Following a survey of newly qualified teachers, which revealed that just 43% have definite plans to stay in the profession long-term – with 29% definitively planning to leave the sector and 28% undecided – an education recruiter has urged schools to take immediate action to prevent worsening an already present teacher recruitment crisis.
The research, which surveyed more than 275 staff in their first year of teaching, is the latest in a number of studies that paint a negative picture of teacher experience in the UK. Other studies have also suggested that 31% of teachers have experienced a mental health problem in the past academic year alone, with sharp rises in insomnia, irritability, mood swings, and anxiety across the board. The crisis has been described as ‘critical’ and shows no signs of abating.
Commenting on the research, Baljinder Kuller, who has over 15 years’ experience in education recruitment with local authorities and private sector agencies, and is now Managing Director of online supply teacher portal, The Supply Register, said:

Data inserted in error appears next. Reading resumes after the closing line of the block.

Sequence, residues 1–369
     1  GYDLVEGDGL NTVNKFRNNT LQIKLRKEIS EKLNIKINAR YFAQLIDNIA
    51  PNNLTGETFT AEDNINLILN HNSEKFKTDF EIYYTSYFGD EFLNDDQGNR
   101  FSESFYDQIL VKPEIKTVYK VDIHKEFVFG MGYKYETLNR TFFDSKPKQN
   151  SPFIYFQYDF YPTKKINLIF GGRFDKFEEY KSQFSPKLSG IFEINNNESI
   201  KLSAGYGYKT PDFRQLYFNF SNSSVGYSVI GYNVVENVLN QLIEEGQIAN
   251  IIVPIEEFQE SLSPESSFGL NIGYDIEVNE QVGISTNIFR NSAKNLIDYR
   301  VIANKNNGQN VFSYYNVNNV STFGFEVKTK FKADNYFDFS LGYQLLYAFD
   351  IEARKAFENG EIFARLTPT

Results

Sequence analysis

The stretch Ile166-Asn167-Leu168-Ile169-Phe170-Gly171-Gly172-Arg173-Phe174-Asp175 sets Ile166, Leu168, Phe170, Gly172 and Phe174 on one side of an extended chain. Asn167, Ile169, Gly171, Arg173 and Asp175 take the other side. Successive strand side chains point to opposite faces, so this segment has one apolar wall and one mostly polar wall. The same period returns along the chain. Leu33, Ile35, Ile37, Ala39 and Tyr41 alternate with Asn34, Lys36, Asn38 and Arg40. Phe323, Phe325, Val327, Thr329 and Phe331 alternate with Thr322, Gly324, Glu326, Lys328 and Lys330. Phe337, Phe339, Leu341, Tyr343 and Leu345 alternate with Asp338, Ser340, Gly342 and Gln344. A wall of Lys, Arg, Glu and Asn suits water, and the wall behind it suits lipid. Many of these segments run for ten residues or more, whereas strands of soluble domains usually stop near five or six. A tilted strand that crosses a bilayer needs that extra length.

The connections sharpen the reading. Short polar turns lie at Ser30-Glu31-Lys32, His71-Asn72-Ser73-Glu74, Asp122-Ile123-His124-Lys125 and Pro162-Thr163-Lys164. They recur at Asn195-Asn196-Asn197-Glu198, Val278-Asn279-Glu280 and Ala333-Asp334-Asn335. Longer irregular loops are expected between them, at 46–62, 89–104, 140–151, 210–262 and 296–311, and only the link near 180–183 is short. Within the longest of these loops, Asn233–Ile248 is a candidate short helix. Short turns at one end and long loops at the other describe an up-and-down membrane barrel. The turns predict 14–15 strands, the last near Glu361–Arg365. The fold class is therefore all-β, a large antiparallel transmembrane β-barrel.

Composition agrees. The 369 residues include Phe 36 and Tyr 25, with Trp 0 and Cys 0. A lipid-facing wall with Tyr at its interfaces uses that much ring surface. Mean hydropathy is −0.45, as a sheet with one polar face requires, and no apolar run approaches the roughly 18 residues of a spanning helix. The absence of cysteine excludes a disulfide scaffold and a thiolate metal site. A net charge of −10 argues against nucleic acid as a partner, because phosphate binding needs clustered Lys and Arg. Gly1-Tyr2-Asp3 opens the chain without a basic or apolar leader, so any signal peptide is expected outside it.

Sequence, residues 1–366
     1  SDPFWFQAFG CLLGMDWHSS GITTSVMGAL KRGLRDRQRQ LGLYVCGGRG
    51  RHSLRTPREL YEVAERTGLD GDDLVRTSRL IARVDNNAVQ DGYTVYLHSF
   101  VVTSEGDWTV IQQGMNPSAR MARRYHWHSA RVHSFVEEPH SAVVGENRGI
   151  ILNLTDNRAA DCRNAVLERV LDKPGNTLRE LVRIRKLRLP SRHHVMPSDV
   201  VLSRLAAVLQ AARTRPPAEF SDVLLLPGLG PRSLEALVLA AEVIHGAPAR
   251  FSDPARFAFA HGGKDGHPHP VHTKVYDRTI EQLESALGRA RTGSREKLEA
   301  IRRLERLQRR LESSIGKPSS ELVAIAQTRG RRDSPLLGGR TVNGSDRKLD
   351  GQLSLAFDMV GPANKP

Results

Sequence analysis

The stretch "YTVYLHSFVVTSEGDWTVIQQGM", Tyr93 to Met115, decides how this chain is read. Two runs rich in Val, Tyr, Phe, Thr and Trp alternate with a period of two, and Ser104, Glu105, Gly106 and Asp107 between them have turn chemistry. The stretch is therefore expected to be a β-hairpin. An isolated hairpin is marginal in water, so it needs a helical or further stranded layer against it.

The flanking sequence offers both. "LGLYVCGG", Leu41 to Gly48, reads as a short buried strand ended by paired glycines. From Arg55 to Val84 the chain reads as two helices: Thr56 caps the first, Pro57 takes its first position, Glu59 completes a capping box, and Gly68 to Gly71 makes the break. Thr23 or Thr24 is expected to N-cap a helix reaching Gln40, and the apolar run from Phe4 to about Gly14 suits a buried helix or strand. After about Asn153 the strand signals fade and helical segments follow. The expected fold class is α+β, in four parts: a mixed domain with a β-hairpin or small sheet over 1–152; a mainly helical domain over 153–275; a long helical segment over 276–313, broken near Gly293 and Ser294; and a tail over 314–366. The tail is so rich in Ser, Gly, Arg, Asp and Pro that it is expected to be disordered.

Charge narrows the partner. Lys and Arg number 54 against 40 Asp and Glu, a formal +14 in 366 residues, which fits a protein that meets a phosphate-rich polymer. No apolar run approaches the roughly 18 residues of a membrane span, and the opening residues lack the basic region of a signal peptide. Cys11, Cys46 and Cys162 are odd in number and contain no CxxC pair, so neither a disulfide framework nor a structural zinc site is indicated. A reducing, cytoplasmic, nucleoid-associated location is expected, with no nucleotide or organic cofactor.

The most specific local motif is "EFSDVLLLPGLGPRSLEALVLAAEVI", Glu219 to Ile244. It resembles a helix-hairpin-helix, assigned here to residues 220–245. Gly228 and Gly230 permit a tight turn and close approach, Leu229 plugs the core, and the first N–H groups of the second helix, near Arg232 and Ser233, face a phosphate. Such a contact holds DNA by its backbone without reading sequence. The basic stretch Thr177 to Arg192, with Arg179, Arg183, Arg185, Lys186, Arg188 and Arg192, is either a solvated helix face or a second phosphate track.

‘’These statistics are just another indication of something that we’ve known for a long time – that the teacher mental health is an urgent problem requiring decisive action. In order to tackle the crisis head on, school leaders need to build open and supportive wellbeing cultures, ensure they offer mental health training to staff, non-typical job arrangements, promote wellbeing strategies like CBT, and look into strategic workforce management’’
‘’However, many school leaders don’t have the necessary time, resources and expertise to implement these approaches. This is what makes strategic workforce planning an extremely useful step to tackle these problems. With a dedicated workforce planning strategy that deploys existing skills effectively, education leaders can alleviate the strain on teachers today in areas such as workload, and free up time to focus on long term approaches.’’
‘’Ultimately, there are many different approaches that school leaders can take in order to improve the mental health crisis, and there is no ‘one size fits all’ route. People will react differently to certain methods, making the best approach to build a culture that allows leaders to start with the individual and work out what suits them best.’’